CVS health Corp.
Sales in the first quarter rose more than 11% as the pharmacy chain continued to benefit from administering Covid-19 vaccines and selling home tests.
The Woonsocket, RI-based company said on Wednesday that it expects demand for Covid tests and vaccines will boost sales throughout 2023.
“Many people like to model Covid going to zero for retail, and that’s a convenient modeling assumption, but I think that’s a very unlikely outcome for 2023 as we move from pandemic to endemic,” said CVS Chief Financial Officer Officer Shawn Guertin during a conversation with analysts.
CVS said Wednesday that it administered more than six million Covid-19 tests and over eight million Covid vaccines in the first three months of the year.
Demand for the Covid-19 test rose earlier this year as the wave of cases driven by the Omicron variant swept through the United States. The company’s sales in the same store, which include stores open for at least 12 months plus digital channels, grew by 10.7% in the first quarter from a year earlier, shortly after the first vaccines had been approved.
CVS expects to administer 18 million vaccines this year, a decrease of about 70% from last year; The demand for take-home samples is likely to fall by 50%, the company said.
In the meantime, key parts of the company will benefit from inflation, Mr Guertin said.
Higher prices tend to increase revenue and are likely to increase demand for the company’s private label offerings. The company said it has not yet seen costs rise in its pharmacy business and that labor costs are relatively stable because the company raised workers’ wages last year. However, CVS’s portfolio took realized capital losses, said Mr. Guertin.
The company had $ 76.83 billion in revenue during the period, which included a 9.2% increase in sales in the retail segment as consumers brought home test kits. At the same time, Covid-19 testing fell in stores.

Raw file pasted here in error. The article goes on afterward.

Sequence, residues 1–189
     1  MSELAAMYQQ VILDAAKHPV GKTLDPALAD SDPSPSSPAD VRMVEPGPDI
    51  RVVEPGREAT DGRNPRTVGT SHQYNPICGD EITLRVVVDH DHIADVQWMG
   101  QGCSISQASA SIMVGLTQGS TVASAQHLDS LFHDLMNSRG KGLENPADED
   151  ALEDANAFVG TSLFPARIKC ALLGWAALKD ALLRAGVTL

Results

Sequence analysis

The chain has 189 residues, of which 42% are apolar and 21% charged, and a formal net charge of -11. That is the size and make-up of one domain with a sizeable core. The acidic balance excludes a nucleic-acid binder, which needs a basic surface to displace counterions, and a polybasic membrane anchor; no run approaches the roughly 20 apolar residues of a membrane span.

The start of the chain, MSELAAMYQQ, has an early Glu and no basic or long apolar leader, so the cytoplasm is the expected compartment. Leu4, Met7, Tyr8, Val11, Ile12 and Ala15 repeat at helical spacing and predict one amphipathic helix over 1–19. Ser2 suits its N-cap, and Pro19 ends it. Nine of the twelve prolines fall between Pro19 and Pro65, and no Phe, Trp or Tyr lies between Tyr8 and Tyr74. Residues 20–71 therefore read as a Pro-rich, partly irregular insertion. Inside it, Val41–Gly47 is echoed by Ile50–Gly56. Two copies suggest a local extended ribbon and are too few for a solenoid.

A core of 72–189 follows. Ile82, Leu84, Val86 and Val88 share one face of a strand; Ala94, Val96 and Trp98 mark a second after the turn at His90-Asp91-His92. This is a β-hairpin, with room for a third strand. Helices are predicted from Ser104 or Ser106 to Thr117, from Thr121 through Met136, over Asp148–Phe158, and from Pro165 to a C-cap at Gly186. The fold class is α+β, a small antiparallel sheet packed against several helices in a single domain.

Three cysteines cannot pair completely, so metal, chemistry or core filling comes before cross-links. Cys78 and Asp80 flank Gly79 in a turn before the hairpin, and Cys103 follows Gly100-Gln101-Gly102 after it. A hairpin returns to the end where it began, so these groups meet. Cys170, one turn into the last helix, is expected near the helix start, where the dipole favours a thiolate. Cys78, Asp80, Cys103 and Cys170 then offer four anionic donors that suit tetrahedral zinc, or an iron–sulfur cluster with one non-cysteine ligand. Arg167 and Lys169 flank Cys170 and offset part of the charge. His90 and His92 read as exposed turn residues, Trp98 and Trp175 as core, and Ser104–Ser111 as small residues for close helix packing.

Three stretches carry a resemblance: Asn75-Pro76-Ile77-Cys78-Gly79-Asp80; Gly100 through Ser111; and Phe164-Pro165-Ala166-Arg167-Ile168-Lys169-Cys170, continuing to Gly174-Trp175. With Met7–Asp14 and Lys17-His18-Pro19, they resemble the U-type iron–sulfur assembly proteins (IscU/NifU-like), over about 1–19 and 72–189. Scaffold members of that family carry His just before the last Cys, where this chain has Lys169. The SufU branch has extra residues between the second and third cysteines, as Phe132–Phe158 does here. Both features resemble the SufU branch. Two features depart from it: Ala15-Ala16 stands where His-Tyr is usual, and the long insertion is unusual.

The pharmacy chain has gained new customers through the pandemic, and executives expect some of these shoppers to stay.
CVS, rival in the pharmacy
Walgreens Boots Alliance Inc.,
grocery chains and big-box stores such as
has played prominent roles in the US effort to distribute Covid-19 vaccinations across the country. Many have also been the key to the federal effort to make rapid Covid-19 tests available at home.
Before the pandemic, CVS and other pharmacies fought to ward off an increasing number of online rivals. Covid-19 has proven to be a welcome tailwind. Now CVS is in the midst of trying to reshape itself as a broad healthcare provider. The dealer said last year it would close about 900 of its about 10,000 stores over three years and open several primary clinics.
Lack of staff has underscored both CVS and Walgreens, as pharmacists and pharmacy technicians have struggled to juggle Covid-19 tests and vaccines to fill prescriptions and serve customers.
CVS has seen its costs increase, in part due to wage increases, over the past year. Total cost of goods sold rose to $ 45.51 billion in the quarter, up from $ 40.90 billion a year earlier.
In the three months ended March 31, CVS had a quarterly profit of $ 2.32 billion, or $ 1.74 per share, up from $ 2.22 billion or $ 1.68 per share in the same period last year. .
The company said revenue related to the 340B drug rebate program was flat compared to last year. The federal program, which offers discounts on drugs to certain nonprofit hospitals, clinics and other facilities, is the focus of a battle between hospitals and pharmaceutical companies.
Drug manufacturers are cutting back on the flow of 340B-covered drugs through pharmacies like CVS, which enter into contracts with participating entities like hospitals. CVS says it “estimates pretty much flat in the program year by year” right now.
The company raised its earnings outlook for 2022 slightly and now expects earnings per share. share between $ 8.20 per. share and $ 8.40 per.
—Sharon Terlep and Anna Wilde Mathews contributed to this article.
Write to Will Feuer at [email protected]
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